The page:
Olympus Imaging and Panasonic Corporation jointly announced the Micro Four Thirds standard in 2008 and have been working together to promote the standard ever since.
This month, more companies declared their support for the standard and will be introducing products that support it.
Blackmagic Design (Port Melbourne, Victoria, Australia) is an Australian company established in 1984 that manufactures electronic equipment for broadcast and video production. Its Blackmagic cinema camera features a 2.5K image sensor, a built-in SSD recorder and compatibility with quality EF or Passive Micro Four Thirds lenses.
For its part, JK Imaging (Los Angeles, CA, USA) is the company that entered into a multi-year agreement to license the Kodak brand name for certain consumer products, including digital cameras, pocket video cameras, and portable projectors. JK Imaging plans to launch its first products in the second quarter of 2013.
Established in 1968, Photron (Tokyo, Japan) manufactures, sells and services professional film and video equipment. It has a range of high speed imaging products includes megapixel image resolution recording at up to 12,500 frames per second (fps), four megapixel (2K x 2K) cameras, high-definition 1080 resolution for broadcast imaging and ruggedized systems with miniature camera heads for on-board automotive safety testing.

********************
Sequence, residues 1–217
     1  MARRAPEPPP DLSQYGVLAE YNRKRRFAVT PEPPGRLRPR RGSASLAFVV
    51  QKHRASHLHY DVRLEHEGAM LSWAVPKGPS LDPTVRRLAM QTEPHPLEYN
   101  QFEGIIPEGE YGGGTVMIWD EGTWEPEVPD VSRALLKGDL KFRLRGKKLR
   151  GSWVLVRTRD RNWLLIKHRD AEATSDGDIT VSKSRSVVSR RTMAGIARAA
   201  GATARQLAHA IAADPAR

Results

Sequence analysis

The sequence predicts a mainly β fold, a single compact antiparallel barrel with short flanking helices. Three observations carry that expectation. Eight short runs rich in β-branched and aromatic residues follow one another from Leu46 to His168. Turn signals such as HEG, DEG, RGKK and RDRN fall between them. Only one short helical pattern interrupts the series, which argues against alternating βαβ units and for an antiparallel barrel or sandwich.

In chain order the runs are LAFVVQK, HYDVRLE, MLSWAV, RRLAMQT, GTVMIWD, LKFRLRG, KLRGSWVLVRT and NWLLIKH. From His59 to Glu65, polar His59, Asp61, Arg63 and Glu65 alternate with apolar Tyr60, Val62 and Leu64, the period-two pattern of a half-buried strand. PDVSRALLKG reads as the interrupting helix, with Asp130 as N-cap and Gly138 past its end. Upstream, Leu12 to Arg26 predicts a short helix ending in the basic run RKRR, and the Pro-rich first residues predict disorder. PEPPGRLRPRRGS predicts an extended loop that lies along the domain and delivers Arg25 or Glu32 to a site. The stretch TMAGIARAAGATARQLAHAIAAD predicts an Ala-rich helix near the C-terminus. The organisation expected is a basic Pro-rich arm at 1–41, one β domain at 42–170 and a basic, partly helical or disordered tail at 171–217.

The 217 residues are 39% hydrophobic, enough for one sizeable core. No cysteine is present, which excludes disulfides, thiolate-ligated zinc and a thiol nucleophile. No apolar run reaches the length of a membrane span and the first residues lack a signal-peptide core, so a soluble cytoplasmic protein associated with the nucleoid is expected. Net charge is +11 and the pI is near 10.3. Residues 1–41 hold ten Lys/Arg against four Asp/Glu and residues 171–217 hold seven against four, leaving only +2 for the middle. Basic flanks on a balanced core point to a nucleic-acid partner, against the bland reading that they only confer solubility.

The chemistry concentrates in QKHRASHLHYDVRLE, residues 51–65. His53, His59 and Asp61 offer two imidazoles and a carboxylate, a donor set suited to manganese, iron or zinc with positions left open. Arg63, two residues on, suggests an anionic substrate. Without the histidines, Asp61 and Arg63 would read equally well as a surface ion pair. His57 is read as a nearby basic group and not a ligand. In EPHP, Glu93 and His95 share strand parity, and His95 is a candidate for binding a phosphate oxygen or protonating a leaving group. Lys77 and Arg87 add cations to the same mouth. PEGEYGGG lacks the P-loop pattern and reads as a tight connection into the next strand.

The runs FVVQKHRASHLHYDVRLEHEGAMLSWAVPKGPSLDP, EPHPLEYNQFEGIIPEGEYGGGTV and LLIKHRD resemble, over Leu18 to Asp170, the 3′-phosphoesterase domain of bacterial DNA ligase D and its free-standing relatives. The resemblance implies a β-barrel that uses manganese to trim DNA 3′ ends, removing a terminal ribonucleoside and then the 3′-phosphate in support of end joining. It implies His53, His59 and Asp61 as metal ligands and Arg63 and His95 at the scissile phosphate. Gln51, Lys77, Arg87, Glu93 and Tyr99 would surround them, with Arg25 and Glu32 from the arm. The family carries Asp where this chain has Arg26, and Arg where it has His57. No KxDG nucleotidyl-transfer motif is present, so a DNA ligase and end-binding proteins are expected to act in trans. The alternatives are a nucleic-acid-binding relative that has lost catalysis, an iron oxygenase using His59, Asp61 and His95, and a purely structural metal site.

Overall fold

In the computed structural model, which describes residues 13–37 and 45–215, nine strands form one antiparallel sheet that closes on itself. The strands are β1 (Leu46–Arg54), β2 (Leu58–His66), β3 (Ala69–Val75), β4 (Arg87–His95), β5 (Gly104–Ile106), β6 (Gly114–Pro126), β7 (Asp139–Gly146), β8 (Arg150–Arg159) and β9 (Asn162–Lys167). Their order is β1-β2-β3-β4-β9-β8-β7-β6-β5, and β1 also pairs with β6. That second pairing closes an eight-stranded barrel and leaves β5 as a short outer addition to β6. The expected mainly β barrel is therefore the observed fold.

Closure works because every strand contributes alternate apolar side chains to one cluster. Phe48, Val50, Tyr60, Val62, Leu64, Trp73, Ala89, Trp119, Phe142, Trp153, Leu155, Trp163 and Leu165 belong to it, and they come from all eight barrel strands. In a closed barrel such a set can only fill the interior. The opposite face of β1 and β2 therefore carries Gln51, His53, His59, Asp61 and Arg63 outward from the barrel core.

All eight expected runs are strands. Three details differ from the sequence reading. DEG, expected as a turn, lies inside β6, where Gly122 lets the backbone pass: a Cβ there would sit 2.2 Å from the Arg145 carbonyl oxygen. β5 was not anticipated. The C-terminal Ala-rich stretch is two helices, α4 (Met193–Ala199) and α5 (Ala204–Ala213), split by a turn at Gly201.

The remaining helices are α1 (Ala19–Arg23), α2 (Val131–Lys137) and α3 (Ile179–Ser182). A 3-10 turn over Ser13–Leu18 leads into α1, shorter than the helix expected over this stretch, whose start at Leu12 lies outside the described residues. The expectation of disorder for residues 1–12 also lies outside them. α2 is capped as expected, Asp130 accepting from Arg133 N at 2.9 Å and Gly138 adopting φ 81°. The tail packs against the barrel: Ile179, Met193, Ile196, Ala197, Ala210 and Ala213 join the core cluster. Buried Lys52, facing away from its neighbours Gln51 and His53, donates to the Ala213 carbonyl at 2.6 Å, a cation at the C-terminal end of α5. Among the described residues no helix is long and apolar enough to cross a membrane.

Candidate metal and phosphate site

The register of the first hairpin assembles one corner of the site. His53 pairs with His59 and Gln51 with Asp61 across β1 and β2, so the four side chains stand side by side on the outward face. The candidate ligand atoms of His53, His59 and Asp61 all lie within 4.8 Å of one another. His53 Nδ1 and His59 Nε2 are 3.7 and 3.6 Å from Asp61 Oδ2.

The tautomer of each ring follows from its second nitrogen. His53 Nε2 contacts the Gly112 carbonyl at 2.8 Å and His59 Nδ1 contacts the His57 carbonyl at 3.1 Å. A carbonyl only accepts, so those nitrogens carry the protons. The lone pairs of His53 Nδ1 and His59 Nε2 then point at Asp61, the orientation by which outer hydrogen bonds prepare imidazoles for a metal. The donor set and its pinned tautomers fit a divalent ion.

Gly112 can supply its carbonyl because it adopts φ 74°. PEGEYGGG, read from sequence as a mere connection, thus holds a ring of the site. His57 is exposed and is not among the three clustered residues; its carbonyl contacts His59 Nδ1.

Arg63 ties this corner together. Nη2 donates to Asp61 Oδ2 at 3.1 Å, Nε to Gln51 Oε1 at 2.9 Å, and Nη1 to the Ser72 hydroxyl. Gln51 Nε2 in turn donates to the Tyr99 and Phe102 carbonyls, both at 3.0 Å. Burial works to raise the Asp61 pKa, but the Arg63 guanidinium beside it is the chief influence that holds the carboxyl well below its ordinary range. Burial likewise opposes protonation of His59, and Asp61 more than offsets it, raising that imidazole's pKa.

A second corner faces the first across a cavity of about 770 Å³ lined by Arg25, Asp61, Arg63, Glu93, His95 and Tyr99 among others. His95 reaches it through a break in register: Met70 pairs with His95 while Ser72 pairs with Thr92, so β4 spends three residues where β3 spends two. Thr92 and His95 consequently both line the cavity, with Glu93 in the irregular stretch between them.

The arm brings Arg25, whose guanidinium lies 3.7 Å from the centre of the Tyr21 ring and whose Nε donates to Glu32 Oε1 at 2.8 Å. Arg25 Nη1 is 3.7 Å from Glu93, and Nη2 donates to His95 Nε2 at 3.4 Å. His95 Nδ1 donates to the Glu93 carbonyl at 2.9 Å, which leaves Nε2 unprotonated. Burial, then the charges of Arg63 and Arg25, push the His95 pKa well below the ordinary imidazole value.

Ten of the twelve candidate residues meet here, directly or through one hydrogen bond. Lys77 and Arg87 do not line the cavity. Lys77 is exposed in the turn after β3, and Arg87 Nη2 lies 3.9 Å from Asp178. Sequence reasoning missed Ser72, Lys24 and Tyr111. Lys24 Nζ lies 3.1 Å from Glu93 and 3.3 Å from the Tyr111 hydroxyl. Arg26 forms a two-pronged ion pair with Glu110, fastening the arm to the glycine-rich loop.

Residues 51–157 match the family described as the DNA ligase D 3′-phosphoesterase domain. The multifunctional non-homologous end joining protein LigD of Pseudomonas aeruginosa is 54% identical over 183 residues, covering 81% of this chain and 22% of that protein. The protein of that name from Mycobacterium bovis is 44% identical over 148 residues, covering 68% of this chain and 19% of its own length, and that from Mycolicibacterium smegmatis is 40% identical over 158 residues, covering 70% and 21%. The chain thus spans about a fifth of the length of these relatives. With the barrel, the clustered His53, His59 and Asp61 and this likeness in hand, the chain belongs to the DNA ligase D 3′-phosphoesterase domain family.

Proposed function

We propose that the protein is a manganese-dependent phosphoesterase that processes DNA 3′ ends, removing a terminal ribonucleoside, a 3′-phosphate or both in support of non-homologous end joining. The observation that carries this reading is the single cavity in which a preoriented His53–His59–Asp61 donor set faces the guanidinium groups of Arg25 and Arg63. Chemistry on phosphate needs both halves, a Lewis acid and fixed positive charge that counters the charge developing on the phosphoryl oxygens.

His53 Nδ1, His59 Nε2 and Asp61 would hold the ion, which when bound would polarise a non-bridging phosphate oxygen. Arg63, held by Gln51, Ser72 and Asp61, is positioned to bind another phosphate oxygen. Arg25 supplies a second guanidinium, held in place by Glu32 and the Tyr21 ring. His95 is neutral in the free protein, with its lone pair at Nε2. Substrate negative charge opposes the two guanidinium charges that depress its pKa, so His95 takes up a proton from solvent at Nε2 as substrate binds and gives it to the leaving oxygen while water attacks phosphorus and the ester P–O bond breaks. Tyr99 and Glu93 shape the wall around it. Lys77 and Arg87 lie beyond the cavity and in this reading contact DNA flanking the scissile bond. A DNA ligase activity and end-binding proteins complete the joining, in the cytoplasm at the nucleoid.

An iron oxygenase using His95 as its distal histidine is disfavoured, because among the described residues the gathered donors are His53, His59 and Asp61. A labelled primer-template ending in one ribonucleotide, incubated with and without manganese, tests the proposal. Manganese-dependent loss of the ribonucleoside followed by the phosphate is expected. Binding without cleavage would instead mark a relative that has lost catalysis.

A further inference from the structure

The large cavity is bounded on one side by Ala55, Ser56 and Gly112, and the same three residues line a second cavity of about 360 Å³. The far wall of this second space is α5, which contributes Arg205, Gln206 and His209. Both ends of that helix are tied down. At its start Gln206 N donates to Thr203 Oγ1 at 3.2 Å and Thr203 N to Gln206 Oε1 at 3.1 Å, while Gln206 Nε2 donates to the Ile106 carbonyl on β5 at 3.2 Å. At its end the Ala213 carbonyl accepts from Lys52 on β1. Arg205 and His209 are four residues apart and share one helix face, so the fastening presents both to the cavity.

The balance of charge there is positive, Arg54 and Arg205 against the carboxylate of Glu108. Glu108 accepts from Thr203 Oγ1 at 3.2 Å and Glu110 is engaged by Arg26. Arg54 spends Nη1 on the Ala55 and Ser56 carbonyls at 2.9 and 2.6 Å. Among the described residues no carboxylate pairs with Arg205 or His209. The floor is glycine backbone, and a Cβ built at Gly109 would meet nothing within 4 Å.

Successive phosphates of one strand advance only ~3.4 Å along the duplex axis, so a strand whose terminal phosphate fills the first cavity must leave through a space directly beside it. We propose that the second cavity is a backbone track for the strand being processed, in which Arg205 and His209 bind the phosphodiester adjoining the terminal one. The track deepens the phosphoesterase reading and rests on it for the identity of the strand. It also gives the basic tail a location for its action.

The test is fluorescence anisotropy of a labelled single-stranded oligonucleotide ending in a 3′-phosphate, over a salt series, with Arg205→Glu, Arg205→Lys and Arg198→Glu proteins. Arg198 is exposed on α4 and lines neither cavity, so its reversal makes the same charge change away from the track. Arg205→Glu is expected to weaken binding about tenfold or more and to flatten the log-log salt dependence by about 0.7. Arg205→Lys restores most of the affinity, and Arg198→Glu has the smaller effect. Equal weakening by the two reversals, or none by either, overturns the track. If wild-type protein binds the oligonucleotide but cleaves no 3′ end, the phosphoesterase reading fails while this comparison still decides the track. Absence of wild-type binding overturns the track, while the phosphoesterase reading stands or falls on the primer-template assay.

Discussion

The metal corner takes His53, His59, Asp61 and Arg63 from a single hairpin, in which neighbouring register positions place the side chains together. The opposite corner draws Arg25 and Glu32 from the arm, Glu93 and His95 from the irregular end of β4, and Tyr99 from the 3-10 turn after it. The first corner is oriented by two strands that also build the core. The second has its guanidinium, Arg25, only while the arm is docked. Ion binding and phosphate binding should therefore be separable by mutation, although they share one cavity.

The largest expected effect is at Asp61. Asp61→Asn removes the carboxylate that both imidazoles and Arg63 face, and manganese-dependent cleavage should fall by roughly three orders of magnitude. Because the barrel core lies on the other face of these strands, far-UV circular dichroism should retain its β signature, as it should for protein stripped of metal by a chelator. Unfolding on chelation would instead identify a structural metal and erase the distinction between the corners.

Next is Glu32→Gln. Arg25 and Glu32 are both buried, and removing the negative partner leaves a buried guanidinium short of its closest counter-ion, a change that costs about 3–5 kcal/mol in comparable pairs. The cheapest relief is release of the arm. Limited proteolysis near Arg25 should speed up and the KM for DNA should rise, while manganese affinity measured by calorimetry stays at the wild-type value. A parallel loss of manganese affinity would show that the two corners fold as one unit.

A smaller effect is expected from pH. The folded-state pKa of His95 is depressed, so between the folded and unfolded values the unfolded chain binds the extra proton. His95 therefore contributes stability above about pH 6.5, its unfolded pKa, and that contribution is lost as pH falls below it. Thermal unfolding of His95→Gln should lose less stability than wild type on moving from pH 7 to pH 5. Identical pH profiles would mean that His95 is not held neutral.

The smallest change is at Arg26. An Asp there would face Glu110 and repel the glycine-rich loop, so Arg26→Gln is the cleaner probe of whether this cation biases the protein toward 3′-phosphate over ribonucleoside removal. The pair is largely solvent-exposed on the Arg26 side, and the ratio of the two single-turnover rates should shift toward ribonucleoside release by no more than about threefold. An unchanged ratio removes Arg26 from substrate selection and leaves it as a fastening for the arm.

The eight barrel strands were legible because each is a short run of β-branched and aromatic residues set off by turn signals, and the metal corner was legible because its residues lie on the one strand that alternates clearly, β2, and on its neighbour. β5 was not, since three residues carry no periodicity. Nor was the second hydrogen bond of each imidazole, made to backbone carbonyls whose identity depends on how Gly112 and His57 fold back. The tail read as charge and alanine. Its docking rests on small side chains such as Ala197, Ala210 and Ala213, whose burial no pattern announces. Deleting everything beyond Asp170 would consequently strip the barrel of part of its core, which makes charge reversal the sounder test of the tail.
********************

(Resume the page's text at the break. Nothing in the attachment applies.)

Established two decades later, ViewPLUS (Tokyo, Japan) is a camera provider that distributes Point Grey's range of industrial cameras -- including the Grasshopper, Flea and Ladybug -- in Japan.
These companies join SVS-VISTEK (Seefeld, Germany), a company established in 2001 that develops, manufactures and distributes professional machine vision components and systems. SVS-VISTEK announced last year that its engineers had developed a prototype version of a camera that incorporated a standardized Micro Four Thirds lens mount.
Further details on the Micro Four Thirds standard can be found here.
Related items from Vision Systems Design.
1. Prototype camera sports Micro Four Thirds lens mount
Engineers at SVS-Vistek (Seefeld, Germany) have developed a prototype version of a camera that incorporates a standardized Micro Four Thirds lens mount.
2. Machine vision's future centers on CMOS and consumer advances
Understanding trends in machine vision and image processing helps system integrators and manufacturers chart their technology development for the next generation of products.
-- Dave Wilson, Senior Editor, Vision Systems Design